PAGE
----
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Noha Al-Badry was born in Cairo, Egypt and received her B.A. in both Journalism and English Literature from the American University in Cairo. Her fiction attempts to integrate the clash between eastern and western cultures, to explore the thin line separating poetry and prose, and to make horrible things happen to her characters. She began writing when she was 13 and taught herself almost everything she knows about literature. She doesn’t know why she chose to write in English rather than Arabic, but feels that her use of language sometimes reflects the structure of Arabic lit. Her interests—shockingly—include short stories, novels and poetry. Other more mundane interests include indulging her oddball nature, cooking, autoimmune diseases, mythology, film and music.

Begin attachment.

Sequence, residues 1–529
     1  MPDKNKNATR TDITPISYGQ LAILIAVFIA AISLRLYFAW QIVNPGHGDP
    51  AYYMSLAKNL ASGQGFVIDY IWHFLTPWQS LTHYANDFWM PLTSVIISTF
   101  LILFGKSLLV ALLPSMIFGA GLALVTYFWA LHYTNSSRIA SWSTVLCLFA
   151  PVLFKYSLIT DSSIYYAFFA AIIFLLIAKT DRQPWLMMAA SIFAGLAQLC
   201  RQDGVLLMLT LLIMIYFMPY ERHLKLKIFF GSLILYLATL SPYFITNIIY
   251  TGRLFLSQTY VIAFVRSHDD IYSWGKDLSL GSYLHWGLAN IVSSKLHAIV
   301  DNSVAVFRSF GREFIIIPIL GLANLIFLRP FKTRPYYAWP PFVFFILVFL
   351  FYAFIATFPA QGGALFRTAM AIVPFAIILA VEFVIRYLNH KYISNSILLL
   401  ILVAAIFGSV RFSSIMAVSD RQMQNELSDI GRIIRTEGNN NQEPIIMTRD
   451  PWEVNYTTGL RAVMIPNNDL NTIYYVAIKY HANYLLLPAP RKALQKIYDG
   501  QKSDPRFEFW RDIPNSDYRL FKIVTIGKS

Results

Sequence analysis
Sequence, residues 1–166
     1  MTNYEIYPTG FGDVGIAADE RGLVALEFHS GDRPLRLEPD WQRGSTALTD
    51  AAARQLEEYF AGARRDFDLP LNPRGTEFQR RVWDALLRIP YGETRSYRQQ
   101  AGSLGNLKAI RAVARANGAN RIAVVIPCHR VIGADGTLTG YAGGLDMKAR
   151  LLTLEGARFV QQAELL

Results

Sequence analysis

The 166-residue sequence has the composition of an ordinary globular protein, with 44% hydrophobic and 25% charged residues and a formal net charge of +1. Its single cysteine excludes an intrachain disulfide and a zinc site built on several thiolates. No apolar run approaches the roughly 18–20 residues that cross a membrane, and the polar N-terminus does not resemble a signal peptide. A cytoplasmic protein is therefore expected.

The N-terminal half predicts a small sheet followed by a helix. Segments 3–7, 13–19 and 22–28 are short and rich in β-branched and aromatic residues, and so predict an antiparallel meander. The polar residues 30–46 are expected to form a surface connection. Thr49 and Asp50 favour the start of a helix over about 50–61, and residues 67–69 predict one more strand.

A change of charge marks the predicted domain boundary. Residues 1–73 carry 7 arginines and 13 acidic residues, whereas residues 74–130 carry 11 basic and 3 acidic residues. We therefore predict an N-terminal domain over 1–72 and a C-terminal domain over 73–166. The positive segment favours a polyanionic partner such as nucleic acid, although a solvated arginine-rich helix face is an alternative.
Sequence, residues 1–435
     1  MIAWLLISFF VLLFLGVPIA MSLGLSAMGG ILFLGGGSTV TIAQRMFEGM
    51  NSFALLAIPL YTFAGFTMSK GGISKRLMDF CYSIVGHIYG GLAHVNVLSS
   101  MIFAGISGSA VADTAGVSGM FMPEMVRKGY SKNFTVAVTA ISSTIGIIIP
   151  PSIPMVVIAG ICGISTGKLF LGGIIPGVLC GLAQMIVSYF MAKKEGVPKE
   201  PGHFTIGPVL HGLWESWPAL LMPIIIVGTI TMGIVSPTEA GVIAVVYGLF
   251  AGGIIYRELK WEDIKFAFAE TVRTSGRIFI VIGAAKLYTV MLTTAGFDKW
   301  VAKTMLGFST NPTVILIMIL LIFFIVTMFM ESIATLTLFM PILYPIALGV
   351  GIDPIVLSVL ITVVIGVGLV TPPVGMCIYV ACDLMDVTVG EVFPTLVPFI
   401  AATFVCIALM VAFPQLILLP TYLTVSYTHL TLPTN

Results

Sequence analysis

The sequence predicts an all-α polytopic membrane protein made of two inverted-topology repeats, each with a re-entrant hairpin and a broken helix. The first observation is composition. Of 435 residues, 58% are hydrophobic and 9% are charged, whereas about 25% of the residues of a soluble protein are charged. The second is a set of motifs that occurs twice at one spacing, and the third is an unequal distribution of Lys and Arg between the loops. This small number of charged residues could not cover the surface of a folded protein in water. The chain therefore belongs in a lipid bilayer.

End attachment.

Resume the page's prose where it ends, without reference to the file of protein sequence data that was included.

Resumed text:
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Matthew Kollmer is a fiction writer from a rural town just east of the Twin Cities. He grew up skiing, playing baseball and football, riding horses, trap shooting, and kayaking. He attended Winona State University, where he earned his BA in English, and where his writing became an integral part of his identity. Since his undergrad, he’s worked a variety of jobs. He has been a carpenter, chairlift operator, Zamboni driver, riverboat deckhand, and standardized test scorer. He enjoys new activities and expanding his life experience.

Jessica Sadler was born in “Charm City”, hon, home of John Waters, The Wire, great music, and Artscape. Jessica studied English lit as an undergraduate at UMBC, then returned for a Masters in TESOL, and in between she taught English to high school students in the U.S. and in Thailand. Jessica has traveled throughout Southeast Asia, loves Thailand, and hopes to return soon.